National Center for Complementary and Integrative Health (NCCIH)
NIH…Turning Discovery Into Health

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Health Topics A-Z

Selected Research Results by Date

Research spotlights of selected studies are shown below. For a full list of published NCCIH Research to-date, see PubMed.

Spotlights for 2011

A woman practices yoga.
Yoga may improve post-treatment fatigue in breast cancer survivors. (December 2011)
Soy protein supplements containing isoflavones do not significantly reduce the progression of atherosclerosis (build-up of plaque in the arteries) in postmenopausal women, according to a recent study published in the (November 2011)
Yoga instructor demonstrates a warrior pose.
Yoga and stretching work equally well for low-back pain, and both work better than a self-care book. (October 2011)
Man reading label on a pill bottle
Study indicates that vitamin E supplements increase the incidence of prostate cancer in healthy men. (October 2011)
Saw Palmetto
Higher doses of saw palmetto extract are no more effective than placebo at relieving urinary symptoms. (September 2011)
A woman meditates in an open field of flowers.
Practicing mindfulness meditation over an 8-week period reduces the severity of irritable bowel syndrome (IBS) symptoms in women, according to a study published in The American Journal of Gastroenterology. Mi (September 2011)
A close up of an acupuncture model with a docotor in the background.
Actual and simulated acupuncture produces similar results for polycystic ovary syndrome. (August 2011)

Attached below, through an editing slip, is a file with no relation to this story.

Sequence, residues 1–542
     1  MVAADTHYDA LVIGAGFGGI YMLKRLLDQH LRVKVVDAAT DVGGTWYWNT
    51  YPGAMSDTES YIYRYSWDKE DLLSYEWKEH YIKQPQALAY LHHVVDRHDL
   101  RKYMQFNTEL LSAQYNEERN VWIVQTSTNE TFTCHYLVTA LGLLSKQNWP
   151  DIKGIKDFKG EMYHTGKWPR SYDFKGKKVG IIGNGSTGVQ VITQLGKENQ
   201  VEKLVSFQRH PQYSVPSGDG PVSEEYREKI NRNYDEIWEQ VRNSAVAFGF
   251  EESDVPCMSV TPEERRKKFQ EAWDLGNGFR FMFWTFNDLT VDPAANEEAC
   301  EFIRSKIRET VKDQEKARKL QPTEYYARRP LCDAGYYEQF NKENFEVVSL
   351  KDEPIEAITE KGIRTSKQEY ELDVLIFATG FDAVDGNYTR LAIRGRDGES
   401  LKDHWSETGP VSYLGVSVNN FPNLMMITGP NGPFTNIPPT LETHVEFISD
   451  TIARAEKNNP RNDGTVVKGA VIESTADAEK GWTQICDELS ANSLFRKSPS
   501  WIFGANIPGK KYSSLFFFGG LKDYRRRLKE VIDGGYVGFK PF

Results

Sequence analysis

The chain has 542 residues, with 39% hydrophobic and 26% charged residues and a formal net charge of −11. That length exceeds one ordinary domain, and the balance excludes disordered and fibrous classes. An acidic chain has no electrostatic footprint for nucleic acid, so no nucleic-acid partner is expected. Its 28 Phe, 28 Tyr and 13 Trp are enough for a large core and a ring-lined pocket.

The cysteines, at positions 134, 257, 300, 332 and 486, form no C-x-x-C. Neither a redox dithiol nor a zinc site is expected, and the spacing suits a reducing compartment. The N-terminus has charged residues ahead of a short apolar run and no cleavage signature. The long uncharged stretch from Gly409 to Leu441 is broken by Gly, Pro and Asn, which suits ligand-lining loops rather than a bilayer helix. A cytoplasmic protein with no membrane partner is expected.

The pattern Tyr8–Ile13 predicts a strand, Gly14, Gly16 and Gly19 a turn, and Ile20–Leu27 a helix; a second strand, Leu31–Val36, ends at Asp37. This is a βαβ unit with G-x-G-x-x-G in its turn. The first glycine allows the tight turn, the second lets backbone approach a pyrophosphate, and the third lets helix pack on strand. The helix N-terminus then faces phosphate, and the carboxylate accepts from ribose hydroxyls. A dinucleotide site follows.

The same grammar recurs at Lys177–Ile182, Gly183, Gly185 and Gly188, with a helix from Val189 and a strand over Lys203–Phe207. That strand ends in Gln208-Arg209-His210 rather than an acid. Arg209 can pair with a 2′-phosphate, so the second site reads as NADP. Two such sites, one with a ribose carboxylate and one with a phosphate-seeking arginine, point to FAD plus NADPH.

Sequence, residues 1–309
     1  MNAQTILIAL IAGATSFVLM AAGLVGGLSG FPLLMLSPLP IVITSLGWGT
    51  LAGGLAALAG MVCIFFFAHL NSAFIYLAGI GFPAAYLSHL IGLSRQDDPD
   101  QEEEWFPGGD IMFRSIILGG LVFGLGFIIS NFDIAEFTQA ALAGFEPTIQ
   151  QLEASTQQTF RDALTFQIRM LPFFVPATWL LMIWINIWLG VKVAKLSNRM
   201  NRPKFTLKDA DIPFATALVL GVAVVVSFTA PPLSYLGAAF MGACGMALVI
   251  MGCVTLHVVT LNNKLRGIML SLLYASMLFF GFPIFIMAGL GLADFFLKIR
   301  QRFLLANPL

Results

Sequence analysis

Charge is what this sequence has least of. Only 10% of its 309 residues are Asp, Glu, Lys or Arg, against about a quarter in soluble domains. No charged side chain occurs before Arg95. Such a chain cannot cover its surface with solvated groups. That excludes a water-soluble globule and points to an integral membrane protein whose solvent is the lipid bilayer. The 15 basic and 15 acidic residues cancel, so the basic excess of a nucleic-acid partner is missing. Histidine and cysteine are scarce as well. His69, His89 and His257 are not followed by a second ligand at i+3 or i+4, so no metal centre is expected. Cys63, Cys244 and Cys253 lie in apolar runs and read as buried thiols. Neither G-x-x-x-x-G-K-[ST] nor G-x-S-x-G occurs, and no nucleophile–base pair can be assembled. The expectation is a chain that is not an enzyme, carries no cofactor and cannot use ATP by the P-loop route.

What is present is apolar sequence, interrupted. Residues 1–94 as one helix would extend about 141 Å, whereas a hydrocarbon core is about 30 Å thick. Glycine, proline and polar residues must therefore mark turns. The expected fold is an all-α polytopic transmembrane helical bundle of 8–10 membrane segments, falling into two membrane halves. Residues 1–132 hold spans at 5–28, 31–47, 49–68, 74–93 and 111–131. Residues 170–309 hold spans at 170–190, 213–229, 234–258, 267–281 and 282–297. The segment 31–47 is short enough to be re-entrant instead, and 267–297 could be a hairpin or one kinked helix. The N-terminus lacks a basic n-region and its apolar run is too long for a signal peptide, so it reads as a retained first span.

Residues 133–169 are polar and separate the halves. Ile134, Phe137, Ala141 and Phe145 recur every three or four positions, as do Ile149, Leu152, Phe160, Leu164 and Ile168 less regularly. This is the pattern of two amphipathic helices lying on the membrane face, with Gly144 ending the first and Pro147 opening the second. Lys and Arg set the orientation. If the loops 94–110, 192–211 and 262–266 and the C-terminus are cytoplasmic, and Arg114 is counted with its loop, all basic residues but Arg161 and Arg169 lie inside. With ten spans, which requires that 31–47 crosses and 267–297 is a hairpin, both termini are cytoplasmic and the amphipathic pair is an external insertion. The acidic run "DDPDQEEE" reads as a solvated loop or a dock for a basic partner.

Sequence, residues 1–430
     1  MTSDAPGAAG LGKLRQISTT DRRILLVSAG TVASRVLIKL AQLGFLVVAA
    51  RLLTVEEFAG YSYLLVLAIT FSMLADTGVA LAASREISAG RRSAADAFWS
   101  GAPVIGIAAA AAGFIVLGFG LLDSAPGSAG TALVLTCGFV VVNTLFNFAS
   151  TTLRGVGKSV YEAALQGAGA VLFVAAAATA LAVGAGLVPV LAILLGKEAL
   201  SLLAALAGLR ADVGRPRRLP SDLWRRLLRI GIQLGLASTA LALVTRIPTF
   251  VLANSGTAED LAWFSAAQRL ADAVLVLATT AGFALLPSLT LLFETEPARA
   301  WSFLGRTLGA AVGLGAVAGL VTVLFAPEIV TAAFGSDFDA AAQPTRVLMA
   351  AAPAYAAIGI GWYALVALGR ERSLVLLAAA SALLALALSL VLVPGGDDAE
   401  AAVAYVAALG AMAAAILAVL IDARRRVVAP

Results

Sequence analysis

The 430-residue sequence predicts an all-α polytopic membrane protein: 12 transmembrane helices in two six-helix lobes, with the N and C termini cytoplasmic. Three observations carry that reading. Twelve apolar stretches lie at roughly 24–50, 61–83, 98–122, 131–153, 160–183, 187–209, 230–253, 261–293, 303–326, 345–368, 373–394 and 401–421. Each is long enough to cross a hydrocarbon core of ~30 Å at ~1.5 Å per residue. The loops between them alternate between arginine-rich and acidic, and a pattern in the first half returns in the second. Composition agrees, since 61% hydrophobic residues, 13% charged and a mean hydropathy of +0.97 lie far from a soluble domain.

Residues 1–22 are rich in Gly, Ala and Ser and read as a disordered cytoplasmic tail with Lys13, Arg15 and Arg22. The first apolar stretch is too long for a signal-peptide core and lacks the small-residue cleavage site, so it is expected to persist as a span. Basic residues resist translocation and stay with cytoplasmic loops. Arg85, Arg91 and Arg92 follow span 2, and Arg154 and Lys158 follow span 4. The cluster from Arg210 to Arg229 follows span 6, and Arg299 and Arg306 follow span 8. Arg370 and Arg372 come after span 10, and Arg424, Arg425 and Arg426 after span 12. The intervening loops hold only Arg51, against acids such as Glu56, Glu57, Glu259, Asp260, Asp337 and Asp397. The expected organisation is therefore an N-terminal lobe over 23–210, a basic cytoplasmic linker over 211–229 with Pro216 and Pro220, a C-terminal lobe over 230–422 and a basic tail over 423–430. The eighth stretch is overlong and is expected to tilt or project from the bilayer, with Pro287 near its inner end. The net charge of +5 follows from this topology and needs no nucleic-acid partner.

A research mentor (Lori Eidson) and student (Nina Waldron, on the microscope).
Study suggests that omega-3 fatty acids from fish oil reduce inflammation and anxiety in healthy young adults. (July 2011)
A young woman about to use an inhaler.
Study Examines the Placebo Response in Patients With Asthma (July 2011)
A woman holding her lower back.
Comparison of structural and relaxation massage shows that both reduce low-back pain and improve function compared with usual medical care. (July 2011)
Open pill bottle, pills spilling out.
Three papers address what the research says about the placebo effect in addition to its future role in health care. (June 2011)
Fish Oil Pills
Ancestry may affect how omega-6 fatty acids are processed and used by the body. (May 2011)
A doctor talks to a patient.
People who use complementary health approaches to promote health differ in health status, behaviors, and health care use from those who use them to treat an illness. (May 2011)
Fish Oil Pills
A diet high in monounsaturated fatty acids may be associated with less cognitive decline in older women. (May 2011)
Woman performing tai chi
Study suggests that practicing tai chi may improve quality of life, mood, and confidence in the ability to exercise in people with chronic heart failure. (April 2011)
Sublingual (under the tongue) immunotherapy may help children with peanut allergy. (March 2011)
Older man reading the label on a pill bottle.
This research was the first to explore the possible antihypertensive effects of ginkgo in a large, long-term, placebo-controlled clinical trial. (March 2011)
Doctor speaking to elderly woman.
Cancer survivors are more likely than members of the general population to turn to complementary and alternative medicine. (March 2011)
A mature adult Caucasian female checking her blood sugar.
Chromium supplement does not affect factors associated with the risk of developing type 2 diabetes. (February 2011)
Image of a brain scan.
Mindfulness meditation may increase gray matter in the hippocampus and other brain regions associated with learning, memory, and emotion. (January 2011)
Compared with placebo, cranberry juice cocktail is no better at preventing recurrent urinary tract infections in college-aged women (January 2011)